It took a prolonged process and plenty of arm-twisting, but as of last night, the nation finally has an ATF director.
The Bureau of Alcohol, Tobacco and Firearms has its first Senate-confirmed head in seven years, after the upper chamber voted 53-42 to approve Byron Todd Jones for the post.But the nomination was almost sunk earlier Thursday, when the Senate came close to rejecting President Barack Obama's nominee, jeopardizing the fragile deal that's allowed other controversial nominees to be confirmed.
The process included far more drama than we're ordinarily accustomed to seeing. Indeed, to overcome a filibuster from the Senate's Republican minority, the majority needed to hold the procedural vote open for hours so Sen. Heidi Heitkamp (D-N.D.) could reach the Capitol and cast the 60th vote.
Those supporting Jones' confirmation would have still been one vote short, but Sen. Lisa Murkowski (R-Alaska), who'd originally supported her party's filibuster, eventually changed her mind and allowed the nomination to advance. Murkowski was lobbied by members on both sides on the Senate floor, but it was a closed-door chat with Sens. John McCain (R-Ariz.) and Susan Collins (R-Maine) that ultimately helped flip Murkowski from a "no" to a "yes."
In the process, the delicate detente on confirmation votes for executive-branch nominees remains intact. The ATF nomination was not formally part of last month's "nuclear option" deal, but Democrats and McCain-led Republicans like the relative peace that's broken out and hope to maintain it for a while.
Reflecting on last night's progress, Sen. Amy Klobuchar (D-Minn.), a Jones ally, said, "It wasn't pretty, but it got done."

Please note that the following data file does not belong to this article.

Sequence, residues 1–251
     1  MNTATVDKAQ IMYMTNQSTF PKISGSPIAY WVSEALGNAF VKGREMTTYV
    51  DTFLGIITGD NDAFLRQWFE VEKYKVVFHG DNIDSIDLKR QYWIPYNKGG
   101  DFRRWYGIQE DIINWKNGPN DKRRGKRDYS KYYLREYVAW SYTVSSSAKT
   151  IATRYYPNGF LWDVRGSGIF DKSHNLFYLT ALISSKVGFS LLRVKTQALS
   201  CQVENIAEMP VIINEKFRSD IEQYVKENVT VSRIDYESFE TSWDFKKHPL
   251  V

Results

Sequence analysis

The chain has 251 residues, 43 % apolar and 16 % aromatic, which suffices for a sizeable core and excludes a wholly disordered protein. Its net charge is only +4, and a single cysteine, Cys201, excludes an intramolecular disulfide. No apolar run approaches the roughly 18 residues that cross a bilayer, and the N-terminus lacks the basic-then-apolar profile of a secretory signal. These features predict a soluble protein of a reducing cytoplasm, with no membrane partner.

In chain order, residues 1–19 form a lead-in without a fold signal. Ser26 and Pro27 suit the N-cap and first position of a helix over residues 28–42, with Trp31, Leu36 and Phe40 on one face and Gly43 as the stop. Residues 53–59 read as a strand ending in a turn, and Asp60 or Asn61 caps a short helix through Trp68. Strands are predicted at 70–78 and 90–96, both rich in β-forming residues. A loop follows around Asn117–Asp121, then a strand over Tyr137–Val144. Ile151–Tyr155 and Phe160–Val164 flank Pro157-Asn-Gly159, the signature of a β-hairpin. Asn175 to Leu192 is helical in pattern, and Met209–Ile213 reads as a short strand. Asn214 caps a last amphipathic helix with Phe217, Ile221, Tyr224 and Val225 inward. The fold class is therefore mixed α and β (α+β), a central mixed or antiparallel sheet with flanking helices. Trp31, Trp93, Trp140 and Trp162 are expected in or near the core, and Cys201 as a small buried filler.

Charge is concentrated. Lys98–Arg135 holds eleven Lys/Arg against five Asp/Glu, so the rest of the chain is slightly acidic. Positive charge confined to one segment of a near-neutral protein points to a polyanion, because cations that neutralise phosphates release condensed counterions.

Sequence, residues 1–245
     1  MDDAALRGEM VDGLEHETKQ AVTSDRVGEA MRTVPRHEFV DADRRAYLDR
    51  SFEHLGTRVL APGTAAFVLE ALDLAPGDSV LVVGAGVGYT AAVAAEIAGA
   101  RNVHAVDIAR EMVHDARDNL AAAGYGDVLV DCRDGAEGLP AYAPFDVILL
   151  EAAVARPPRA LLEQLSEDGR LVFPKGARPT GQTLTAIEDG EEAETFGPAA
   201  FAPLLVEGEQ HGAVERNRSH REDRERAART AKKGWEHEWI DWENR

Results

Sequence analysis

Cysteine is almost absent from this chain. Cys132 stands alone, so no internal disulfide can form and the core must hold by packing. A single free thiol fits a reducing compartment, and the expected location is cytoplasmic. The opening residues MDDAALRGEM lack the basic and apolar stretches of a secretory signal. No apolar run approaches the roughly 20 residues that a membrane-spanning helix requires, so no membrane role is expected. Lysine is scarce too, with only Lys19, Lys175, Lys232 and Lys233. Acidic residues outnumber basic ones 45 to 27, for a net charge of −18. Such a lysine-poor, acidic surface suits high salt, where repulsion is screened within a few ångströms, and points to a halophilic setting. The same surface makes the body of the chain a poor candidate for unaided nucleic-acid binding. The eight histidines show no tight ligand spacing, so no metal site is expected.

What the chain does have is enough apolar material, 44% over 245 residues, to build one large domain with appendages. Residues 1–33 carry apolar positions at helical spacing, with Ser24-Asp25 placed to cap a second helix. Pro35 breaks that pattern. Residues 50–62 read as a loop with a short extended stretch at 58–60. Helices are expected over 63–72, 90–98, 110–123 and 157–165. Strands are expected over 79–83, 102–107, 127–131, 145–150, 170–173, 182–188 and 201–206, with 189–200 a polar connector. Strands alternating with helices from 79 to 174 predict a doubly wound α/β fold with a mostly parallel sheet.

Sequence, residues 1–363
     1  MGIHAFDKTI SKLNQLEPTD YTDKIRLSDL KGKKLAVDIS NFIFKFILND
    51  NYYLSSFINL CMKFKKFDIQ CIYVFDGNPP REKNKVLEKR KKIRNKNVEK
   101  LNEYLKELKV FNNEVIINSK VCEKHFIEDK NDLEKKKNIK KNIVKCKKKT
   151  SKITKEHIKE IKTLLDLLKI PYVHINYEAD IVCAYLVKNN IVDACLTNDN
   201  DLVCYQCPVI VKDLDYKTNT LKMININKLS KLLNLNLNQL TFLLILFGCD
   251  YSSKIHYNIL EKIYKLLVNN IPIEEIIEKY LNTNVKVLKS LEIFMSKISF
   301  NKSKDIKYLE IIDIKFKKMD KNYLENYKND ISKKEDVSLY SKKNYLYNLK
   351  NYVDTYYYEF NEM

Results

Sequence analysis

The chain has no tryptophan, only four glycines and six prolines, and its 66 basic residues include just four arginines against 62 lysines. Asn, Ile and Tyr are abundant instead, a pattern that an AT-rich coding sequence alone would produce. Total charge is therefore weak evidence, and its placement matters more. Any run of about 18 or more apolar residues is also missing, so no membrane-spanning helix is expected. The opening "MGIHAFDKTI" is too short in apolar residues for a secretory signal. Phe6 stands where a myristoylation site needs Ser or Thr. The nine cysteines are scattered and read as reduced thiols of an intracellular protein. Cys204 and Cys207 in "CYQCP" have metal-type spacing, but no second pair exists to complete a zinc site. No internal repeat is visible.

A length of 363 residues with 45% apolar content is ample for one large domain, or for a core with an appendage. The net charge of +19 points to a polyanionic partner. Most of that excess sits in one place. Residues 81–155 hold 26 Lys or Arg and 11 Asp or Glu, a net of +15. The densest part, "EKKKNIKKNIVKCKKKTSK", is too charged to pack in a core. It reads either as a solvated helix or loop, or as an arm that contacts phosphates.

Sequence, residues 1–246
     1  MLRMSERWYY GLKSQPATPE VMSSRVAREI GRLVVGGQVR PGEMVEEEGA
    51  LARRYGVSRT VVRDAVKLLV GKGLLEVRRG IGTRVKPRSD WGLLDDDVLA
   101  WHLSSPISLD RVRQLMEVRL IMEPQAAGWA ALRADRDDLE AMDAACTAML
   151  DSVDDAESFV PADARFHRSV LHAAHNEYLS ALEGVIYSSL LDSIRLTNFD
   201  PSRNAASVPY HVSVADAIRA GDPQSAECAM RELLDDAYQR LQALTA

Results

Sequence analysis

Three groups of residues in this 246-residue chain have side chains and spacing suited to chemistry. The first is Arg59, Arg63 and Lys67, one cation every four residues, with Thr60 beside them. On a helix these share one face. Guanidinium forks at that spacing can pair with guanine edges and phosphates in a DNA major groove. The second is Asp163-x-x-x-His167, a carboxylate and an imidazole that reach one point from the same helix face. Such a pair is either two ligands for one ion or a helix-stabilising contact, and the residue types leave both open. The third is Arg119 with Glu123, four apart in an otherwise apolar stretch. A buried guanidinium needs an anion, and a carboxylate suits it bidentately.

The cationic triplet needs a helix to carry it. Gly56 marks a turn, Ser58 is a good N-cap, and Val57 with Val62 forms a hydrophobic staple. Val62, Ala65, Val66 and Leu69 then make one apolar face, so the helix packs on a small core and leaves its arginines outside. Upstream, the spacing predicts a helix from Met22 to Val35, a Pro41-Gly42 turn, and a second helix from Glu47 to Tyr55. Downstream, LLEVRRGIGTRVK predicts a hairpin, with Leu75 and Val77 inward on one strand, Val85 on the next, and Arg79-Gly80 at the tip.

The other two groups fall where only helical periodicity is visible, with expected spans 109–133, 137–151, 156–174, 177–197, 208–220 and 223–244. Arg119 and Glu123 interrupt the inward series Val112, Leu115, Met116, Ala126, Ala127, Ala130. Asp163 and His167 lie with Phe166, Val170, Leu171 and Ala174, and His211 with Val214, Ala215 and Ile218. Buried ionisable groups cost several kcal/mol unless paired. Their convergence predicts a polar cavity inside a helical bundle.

Of course, putting aside congressional drama altogether, there's the more important fact that the ATF will now have its first Senate-confirmed director since 2006, which is no small development.
As we discussed yesterday, President Obama laid out a detailed and ambitious agenda on gun reforms in the wake of the massacre at Sandy Hook Elementary, and one of the key elements of the plan was having a director of the ATF.
Seven months later, there aren't too many check marks next to the proposals the White House put forward -- most require congressional approval -- but this important step is now complete.
For years, the right has consistently argued that the nation doesn't need new gun laws; we simply need to enforce the old ones. With conservative senators undermining the ATF -- the agency chiefly responsible for enforcing existing gun laws -- the argument has always been rather self-defeating.
But this time, miraculously, the system just barely worked. Obama nominated a qualified nominee; the NRA stayed neutral; a Republican filibuster was defeated; and the ATF finally has the leadership it's been looking for since 2006.
There hasn't been much progress on gun policy in recent years, so reformers have reason to feel some satisfaction today.
Jeremy Funk, the communications director for Americans United for Change, said Jones' confirmation was "a huge victory for communities that want the freedom not to live in fear of gun violence and a blow for illegal straw gun purchasers."